The contractor can walk the entire jobsite every day and create the report, available as a PDF or JPG export. It also can integrate with Pro-core, PlanGrid and BIM360.

“We are the leader in doing [photo capture] every day and doing it quickly,” Shear says.

Teams can track critical milestones and activities, alert subcontractors to incomplete work and address safety concerns. The superintendent can make field notes and take still photos if something is amiss, such as a missing window or a scratched mullion.

Suffolk also uses the OpenSpace photo documentation to monitor safety.

“Anyone at Suffolk reviewing the photo documentation can call out any potential safety issue,” Mundt says. “They can tag the safety manag-er, who will address the concern directly with the trade partner.”

OpenSpace’s second benefit is remote project management and coordination.

“Remote team members stay up to speed about what is going on at the jobsite,” Shear explains. “They can use the images as a single source of truth about where the project is and what issues need to be resolved.”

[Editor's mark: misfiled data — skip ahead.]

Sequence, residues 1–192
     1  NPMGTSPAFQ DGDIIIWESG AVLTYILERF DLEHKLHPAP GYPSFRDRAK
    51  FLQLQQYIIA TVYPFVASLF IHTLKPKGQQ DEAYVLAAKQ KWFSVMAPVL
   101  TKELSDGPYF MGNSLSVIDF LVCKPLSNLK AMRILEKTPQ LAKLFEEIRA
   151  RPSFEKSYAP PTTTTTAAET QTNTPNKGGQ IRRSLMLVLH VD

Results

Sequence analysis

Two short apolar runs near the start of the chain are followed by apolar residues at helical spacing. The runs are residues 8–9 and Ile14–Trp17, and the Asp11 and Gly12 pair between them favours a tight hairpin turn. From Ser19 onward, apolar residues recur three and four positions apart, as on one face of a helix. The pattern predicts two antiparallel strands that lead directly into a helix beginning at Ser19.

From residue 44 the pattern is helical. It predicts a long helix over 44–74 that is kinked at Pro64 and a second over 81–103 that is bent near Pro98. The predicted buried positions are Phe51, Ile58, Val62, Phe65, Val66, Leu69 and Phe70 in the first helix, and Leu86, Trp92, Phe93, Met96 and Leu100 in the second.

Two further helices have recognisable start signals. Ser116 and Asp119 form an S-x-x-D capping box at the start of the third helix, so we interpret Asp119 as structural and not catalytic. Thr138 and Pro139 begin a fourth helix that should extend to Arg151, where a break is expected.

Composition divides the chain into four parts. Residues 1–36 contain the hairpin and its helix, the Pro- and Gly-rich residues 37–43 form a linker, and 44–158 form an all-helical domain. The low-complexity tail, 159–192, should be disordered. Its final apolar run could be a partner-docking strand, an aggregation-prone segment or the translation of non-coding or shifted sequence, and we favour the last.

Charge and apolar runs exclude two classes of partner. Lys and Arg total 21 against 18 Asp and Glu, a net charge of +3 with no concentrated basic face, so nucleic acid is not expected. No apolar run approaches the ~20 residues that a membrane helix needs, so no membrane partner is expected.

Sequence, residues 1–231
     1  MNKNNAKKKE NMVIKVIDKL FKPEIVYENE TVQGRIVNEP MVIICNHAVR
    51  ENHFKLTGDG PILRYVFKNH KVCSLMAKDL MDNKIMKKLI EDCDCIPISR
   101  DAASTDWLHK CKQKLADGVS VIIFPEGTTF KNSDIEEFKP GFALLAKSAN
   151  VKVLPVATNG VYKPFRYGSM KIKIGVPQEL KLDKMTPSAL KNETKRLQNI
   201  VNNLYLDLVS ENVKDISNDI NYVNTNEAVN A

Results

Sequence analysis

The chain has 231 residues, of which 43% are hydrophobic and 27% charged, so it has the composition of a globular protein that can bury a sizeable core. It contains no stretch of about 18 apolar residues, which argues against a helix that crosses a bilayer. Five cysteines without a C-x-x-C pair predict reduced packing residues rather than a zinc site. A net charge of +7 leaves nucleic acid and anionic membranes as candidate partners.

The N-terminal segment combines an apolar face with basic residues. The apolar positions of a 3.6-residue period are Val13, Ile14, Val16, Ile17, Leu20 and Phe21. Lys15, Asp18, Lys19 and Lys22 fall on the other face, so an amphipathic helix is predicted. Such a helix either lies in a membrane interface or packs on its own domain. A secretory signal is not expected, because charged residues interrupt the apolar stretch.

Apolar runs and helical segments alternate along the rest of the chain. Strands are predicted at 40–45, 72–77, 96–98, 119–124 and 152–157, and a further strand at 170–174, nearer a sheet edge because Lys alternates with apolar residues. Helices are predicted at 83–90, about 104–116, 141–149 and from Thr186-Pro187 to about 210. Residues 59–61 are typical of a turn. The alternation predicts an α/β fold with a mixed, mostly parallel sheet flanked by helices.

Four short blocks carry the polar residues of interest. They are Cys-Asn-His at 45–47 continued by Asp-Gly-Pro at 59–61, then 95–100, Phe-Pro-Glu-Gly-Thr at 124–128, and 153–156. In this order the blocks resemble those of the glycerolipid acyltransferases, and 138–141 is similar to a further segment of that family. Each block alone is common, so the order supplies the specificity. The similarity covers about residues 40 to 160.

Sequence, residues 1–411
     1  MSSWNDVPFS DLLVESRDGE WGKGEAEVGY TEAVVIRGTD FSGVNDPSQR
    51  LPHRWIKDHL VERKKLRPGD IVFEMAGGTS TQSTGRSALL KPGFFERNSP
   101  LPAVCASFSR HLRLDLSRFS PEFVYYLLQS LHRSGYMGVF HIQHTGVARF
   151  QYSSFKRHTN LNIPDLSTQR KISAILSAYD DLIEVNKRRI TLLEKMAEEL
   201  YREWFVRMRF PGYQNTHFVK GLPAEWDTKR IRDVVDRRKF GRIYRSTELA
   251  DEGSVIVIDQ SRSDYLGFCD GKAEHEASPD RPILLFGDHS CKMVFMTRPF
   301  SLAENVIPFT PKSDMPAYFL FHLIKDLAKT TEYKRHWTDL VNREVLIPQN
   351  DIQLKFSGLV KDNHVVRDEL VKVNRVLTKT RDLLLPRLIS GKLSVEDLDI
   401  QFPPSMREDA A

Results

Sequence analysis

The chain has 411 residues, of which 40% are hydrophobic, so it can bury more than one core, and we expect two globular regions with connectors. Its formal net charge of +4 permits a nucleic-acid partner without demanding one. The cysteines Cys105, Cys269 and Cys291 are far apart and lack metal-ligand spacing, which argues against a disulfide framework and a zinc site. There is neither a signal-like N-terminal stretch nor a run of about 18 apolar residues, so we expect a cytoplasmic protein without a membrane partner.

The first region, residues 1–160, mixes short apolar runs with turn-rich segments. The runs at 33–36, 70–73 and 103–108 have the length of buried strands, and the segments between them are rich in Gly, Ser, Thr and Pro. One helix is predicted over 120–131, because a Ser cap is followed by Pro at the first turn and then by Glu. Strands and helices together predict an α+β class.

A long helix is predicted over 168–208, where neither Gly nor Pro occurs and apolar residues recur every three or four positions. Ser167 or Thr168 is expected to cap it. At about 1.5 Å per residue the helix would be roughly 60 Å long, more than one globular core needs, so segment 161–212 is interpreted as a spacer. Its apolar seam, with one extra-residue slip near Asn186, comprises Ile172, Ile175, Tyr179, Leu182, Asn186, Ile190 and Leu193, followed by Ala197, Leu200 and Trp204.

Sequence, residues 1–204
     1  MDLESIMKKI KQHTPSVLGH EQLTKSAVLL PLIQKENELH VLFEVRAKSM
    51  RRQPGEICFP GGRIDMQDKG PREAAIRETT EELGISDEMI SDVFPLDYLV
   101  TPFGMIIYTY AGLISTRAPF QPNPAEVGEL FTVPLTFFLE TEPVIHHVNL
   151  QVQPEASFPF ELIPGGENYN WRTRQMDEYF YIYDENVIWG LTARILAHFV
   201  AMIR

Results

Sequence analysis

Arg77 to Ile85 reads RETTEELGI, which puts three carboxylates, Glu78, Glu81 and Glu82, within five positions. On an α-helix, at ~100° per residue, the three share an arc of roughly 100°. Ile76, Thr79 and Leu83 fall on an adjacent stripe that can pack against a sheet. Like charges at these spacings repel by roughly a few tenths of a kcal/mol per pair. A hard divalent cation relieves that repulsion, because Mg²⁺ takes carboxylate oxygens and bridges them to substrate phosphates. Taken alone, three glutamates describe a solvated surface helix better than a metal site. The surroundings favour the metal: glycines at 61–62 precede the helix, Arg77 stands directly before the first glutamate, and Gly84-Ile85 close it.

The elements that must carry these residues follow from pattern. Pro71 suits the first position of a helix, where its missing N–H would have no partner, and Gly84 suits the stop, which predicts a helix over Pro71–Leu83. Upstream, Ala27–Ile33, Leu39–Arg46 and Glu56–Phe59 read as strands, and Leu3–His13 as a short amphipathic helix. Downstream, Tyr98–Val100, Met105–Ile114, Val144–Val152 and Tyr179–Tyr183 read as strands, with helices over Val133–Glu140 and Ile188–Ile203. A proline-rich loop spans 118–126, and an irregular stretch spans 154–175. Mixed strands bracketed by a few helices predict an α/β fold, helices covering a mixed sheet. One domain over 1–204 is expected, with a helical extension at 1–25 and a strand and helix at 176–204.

The images can be shared with subcontractors or owners for increased transparency. Jobsite meetings progress faster and with fewer de-bates, since “the camera does not lie,” Mundt says.

“Our clients, trade partners and the Suffolk team are gaining efficiencies using OpenSpace,” Mundt says. “The technology puts all of the stakeholders on the same page. No one can argue or dispute the photos or debate about any work that is incomplete. It takes the ambiguity of what has been completed off the table.”

Mundt reports that clients like the online images, so they can monitor construction progress without having to visit the actual site, which has been especially helpful during the COVID-19 pandemic. Everyone involved works off the same photo documentation, so it drops any ambiguity, allowing everyone to get to a resolution faster.

Shear, at OpenSpace, encourages contractors to share the images with the entire project team, including owners, whom he has found appre-ciate the transparency.

The images remain in OpenSpace cloud storage and available for 10 years. If an owner wants to see what is behind a wall, the images are ready to view.